Currently there is much debate about housing affordability. Two of our recent publications have examined the need for more affordable rental housing. This e-brief looks at another related issue: security of tenure for the growing number of people who are long-term renters in the private rental market. A 2012 paper by the Australian Housing and Urban Research Institute (AHURI) stated that the private rental sector:
… has changed from its historical role as a transitional housing sector for households moving into home ownership or social housing to a long-term housing sector for a significant number of Australian households. There is an apparent paradox in policy settings. On one hand, the [sector] is a place to live for an increasing number of householders who require some stability in their housing circumstances so that they and their children have the same opportunities as the rest of the community. On the other hand, it is seen increasingly as an investment opportunity characterised by increasing volatility, such that the sector is more unstable and less likely to provide good housing outcomes.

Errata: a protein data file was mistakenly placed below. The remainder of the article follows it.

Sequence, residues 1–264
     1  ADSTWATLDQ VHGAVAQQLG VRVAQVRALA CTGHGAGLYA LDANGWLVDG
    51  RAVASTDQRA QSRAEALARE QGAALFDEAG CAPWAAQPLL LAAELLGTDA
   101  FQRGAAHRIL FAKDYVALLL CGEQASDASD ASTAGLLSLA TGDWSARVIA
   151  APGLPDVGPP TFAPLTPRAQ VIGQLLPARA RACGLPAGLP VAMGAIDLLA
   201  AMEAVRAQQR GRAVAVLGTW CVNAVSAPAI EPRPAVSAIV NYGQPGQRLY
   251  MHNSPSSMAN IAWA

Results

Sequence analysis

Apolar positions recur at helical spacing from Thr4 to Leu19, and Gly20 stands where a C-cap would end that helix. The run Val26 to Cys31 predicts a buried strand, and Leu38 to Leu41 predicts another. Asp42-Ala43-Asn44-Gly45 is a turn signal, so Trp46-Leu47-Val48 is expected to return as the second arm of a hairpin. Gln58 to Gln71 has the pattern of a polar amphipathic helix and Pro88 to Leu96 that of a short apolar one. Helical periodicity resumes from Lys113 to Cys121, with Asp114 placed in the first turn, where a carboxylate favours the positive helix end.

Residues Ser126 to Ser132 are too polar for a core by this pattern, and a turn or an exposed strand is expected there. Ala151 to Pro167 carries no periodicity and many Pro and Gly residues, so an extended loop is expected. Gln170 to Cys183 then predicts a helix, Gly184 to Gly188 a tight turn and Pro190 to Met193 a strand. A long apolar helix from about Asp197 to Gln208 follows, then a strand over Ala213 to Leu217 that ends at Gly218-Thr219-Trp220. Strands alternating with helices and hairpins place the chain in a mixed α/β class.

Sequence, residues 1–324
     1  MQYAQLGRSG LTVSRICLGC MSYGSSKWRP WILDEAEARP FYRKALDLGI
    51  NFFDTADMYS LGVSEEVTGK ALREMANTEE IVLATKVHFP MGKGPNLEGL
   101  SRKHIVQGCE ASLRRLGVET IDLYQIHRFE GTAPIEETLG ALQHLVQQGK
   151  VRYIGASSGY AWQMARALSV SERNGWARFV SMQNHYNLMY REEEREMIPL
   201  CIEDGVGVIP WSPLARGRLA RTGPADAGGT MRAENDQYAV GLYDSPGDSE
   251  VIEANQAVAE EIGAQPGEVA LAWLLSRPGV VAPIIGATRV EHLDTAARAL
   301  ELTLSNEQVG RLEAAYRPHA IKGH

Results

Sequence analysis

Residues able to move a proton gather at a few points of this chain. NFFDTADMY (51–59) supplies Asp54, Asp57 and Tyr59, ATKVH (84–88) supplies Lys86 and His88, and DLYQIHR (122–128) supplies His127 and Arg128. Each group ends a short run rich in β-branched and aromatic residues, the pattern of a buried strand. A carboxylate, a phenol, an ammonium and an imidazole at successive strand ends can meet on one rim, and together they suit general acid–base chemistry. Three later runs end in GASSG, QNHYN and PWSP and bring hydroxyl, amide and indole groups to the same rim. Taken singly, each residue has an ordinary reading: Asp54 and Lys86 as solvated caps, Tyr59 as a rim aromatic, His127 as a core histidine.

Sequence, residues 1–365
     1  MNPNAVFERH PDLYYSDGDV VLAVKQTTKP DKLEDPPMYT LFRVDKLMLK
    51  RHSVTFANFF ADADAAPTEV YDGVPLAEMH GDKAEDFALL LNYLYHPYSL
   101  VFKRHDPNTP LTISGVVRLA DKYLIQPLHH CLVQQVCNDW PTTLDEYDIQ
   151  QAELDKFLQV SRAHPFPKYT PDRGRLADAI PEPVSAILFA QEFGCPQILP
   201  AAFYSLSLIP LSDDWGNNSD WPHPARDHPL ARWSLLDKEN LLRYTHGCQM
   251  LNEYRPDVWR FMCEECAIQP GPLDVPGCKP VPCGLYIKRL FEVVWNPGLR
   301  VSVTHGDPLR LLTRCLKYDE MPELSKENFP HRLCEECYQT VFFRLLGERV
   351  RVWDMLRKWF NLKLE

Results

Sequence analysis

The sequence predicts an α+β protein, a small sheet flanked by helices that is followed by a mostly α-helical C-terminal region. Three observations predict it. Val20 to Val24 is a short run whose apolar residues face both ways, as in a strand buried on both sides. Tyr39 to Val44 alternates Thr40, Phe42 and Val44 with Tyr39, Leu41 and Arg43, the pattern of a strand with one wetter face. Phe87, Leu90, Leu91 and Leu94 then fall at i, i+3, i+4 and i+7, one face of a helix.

This e-brief examines security of tenure provisions in residential tenancy laws in NSW, and considers past discussion in NSW of options to increase security of tenure, including noting the different views expressed by stakeholders. Next, it refers to a recent Senate Committee report that discusses the issue. Comparisons are also made with tenancy laws in other States and countries, some of which are undergoing reform.
State of New South Wales through the Parliament of New South Wales